It was the first time she told the account of the tragedy at the ferry to anyone, and much to her surprise, it felt a lot easier to part with the truth than she had thought. In a way, it even felt relieving to share the story with someone, even a stranger, as it had been an immense burden to her, a burden that Brand could not take from her. On the contrary, he only added to her plight. Adamant and unyielding, the Sekalyn questioned her further:
"Have you caused any lives to end before this day? If, then on what occasion, why? Practiced mind-control on people? Anything else you would otherwise hide?"
She could not help but feel a wave of anger well up in her; he was demanding so many things, asking so many questions that did not even matter right now.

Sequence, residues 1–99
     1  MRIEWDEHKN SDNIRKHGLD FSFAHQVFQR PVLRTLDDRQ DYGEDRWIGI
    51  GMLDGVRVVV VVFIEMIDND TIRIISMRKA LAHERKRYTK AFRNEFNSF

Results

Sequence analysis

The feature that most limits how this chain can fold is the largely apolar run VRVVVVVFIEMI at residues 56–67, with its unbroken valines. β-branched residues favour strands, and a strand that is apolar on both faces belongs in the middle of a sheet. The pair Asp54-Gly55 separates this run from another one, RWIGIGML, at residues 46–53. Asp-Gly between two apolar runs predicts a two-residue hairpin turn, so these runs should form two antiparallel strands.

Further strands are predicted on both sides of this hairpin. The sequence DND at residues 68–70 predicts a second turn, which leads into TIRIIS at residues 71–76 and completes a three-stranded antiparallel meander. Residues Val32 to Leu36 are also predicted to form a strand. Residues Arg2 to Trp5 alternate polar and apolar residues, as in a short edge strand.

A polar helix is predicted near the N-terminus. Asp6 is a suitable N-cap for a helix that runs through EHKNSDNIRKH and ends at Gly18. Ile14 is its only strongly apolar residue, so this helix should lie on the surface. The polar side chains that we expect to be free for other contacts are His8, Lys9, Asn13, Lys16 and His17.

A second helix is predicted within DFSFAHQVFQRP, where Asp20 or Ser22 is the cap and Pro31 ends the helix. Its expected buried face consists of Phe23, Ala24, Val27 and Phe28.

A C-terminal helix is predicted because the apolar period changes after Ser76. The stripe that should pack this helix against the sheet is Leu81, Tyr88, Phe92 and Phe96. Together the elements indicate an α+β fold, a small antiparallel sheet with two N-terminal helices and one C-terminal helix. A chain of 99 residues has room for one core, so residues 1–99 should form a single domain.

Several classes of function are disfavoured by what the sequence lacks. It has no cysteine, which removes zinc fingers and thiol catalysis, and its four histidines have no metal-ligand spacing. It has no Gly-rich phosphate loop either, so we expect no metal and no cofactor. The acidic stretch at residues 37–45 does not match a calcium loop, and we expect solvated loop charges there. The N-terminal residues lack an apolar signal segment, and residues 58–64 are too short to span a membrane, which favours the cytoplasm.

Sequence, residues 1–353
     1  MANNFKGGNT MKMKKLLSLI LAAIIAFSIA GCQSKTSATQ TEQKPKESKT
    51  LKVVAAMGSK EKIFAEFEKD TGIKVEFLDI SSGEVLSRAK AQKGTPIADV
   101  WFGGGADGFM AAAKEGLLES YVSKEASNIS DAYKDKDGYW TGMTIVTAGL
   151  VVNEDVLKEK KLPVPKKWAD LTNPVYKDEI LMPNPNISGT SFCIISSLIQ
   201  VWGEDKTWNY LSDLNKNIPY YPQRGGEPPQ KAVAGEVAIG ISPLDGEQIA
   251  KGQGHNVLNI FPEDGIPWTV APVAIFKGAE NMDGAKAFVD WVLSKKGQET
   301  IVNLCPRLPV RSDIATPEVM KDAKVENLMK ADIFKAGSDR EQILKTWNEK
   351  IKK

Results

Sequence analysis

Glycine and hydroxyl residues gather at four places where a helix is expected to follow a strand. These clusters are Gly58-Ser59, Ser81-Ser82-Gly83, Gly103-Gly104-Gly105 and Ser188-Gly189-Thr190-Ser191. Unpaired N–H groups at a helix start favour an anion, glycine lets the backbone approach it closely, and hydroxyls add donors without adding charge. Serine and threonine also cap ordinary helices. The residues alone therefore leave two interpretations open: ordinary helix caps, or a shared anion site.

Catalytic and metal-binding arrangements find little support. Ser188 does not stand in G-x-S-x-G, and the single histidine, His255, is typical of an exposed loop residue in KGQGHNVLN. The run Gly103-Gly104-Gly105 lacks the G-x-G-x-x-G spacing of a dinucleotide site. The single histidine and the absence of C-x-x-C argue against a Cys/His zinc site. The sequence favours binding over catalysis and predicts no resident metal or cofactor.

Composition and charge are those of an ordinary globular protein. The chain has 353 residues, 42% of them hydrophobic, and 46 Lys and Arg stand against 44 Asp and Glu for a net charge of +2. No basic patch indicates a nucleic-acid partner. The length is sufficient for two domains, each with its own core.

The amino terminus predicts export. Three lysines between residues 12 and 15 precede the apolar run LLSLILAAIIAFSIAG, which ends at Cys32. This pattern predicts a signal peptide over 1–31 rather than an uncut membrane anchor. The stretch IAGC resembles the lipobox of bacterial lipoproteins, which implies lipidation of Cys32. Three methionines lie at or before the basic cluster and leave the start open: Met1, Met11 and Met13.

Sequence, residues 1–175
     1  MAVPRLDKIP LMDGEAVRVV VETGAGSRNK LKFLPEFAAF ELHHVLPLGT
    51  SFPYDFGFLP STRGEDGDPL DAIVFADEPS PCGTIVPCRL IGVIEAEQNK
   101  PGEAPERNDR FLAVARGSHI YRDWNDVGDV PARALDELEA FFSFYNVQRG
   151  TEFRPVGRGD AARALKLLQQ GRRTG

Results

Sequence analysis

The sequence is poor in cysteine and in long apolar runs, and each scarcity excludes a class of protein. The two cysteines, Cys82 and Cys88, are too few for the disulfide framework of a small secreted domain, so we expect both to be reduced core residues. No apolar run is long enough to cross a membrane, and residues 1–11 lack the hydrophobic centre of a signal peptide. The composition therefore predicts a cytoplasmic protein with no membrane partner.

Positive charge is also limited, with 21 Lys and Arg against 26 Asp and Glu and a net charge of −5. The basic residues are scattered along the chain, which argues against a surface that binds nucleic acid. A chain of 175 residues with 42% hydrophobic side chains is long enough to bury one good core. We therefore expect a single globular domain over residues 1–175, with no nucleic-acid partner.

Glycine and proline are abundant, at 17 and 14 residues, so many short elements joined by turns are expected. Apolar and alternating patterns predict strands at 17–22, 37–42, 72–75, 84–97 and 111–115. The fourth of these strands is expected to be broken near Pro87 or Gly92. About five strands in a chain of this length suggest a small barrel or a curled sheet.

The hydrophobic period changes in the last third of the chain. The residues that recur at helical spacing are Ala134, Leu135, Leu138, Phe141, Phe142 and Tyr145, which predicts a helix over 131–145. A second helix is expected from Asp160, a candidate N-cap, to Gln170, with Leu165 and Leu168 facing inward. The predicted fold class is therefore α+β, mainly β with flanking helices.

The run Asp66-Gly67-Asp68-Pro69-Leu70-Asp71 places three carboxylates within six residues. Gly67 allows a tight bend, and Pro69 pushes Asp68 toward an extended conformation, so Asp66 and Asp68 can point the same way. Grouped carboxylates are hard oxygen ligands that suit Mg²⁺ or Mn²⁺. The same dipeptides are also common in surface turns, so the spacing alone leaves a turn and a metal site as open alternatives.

“By the gods, could you ask some more questions?!” she hissed, “What next, do you want to know if I’m still a virgin? Yes, I have killed some more since my journey began, and it’s always been in self defense. Everyone in this damned world wants to see me dead because they’re afraid and jealous of me, and I’ve been forced to defend myself time and time again! I tried to escape, leave Zerul behind because it would grant me no shelter, but look where it’s brought me! What do you expect me to do, just give up and let them slaughter me? You’re a warrior yourself, you should know all about this and, hell, you’re obviously a foreigner too so you may even know what it’s like to be persecuted. Look, I know this looks bad, and I know it is, but there was nothing I could have done. I didn’t choose to do this, I just wanted to live! Is that too much to ask?”